You are preparing to list your property and you are facing the dilemma of making repairs or allowing the future homeowner to contend with the "fixing" themselves. For some homeowners, home repairs may not be an option, especially if they find themselves upside down in their investment and facing foreclosure. However, when considering listing the property, one of the biggest question you may face with potential homeowners is, "Do Home Buyers Want Fixers or Fixed Up Homes?"
As a Realtor, your worst nightmare is seeing your client lose their investment when purchasing a home (e.g., earnest deposit, inspection fees, etc.) because a seller is unable to deliver money to table. Yes, a SELLER. There are times when a seller must come to the table with money in hand, and not because they are offering closing cost assistance. In one of my recent closings, my buyer was ready to walk away because the seller stalled on having the essential money to close the deal.
Believe it or not, this is not an uncommon experience. Often times, a seller would have to bring money to the table if they do not have enough equity in a home, there is a decline in the market, or because the neighborhood values change such as foreclosures and new construction nearby. In addition, there could be some costly or unexpected repairs.
Fortunately, we were able to make the deal happen, but because of the bad transaction, I was prepared to help my buyer place a lien on the property because now the SELLER owed him money that he invested for the purchase. To avoid this pitfall as a seller, I want to share some tips and resources for you so that you don't find yourself upside down in a closing transaction.
Read more about how you sellers can end up paying to close the deal in Home Sellers Without Equity to Pay to Sell.
If you're in the process of buying a home, you've probably already met with a lender who advised you on what to do and what not to do during the escrow process. But if you're just getting ready to buy or plan on doing so in the near future, following a few financial tips can mean the difference between qualifying...and not, and also getting a decent rate. These are a few universal "don'ts" that will help you stay on track, even before you get a lender involved.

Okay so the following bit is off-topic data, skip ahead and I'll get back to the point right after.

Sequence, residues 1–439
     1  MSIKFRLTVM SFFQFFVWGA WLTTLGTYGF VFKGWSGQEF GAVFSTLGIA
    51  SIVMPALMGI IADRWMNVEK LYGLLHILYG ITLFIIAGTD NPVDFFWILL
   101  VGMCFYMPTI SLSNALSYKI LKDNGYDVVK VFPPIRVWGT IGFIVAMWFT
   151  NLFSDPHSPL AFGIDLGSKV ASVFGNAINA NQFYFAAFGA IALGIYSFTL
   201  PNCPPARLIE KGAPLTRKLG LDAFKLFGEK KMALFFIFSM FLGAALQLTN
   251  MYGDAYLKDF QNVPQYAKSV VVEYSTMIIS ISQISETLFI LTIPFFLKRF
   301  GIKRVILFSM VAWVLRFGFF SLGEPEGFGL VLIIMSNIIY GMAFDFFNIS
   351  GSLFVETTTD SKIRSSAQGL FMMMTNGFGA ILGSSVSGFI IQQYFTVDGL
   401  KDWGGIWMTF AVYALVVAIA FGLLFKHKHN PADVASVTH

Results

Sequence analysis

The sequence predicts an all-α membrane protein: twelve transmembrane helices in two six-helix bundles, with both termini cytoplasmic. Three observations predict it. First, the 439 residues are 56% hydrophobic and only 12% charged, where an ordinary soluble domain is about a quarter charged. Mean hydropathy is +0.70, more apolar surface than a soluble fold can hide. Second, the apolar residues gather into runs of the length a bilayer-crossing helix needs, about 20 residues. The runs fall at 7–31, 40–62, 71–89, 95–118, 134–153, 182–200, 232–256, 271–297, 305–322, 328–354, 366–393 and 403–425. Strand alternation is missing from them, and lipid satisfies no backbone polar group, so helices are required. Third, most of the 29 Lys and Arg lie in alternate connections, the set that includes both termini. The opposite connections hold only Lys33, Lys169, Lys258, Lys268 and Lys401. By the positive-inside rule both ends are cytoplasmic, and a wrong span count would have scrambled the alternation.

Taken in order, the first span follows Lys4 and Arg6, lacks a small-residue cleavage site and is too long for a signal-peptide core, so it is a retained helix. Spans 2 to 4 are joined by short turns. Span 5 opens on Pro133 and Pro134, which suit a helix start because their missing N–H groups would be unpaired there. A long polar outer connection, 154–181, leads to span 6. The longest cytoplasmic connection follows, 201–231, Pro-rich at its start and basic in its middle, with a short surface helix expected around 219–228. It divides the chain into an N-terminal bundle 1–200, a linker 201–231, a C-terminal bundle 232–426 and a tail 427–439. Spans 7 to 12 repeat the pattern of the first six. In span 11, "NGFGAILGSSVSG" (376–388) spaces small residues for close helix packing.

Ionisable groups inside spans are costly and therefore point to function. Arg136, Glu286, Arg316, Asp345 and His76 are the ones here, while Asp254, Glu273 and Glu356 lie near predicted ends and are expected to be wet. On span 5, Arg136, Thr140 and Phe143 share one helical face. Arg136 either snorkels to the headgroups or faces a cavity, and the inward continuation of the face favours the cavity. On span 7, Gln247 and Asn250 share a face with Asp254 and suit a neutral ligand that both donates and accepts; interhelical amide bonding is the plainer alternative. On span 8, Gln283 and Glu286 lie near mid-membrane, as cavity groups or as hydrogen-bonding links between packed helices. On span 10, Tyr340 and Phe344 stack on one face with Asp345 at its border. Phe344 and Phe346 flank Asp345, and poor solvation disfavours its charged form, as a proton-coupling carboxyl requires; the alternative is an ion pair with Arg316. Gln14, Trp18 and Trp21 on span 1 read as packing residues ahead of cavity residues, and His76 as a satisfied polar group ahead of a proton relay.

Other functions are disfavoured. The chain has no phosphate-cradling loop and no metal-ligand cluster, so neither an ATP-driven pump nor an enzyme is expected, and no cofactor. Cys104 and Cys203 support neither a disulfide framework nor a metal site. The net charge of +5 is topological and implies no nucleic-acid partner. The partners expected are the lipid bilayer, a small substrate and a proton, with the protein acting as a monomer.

Don't take out more credit
If you're thinking you're going to buy a house in a matter of a few months, forget that new laptop on the Best Buy card, forget that new car, and forget that Old Navy card. Sure, it's only a $30 pair of pants. But, taking out more credit can harm your debt-to-income ratios, which can make you look like a credit risk. And that's not worth it, no matter how cute the pants are....
Read more of Financial Don'ts When Getting Ready To Buy A Home
Great tips, with lots of relevance for today's homeowners interested in selling their homes. Don’t just list it without any advance preparation. A few minor touch-ups can go a long way towards making a favorable impression on potential buyers — and perhaps cinching a deal.
Read more: 21 Ways to Prepare Your Home for Selling
Bad credit can happen to anyone. When you have a lower credit score, it can be much harder to get a home loan. You might also be subject to higher interest rates and fees than someone with better credit. There a good amount of options, and the federal and state level for mortgages can help even low-credit borrowers get the home of their dreams. Check out more at 3 Types of Loans to Go for if You're Credit Challenged.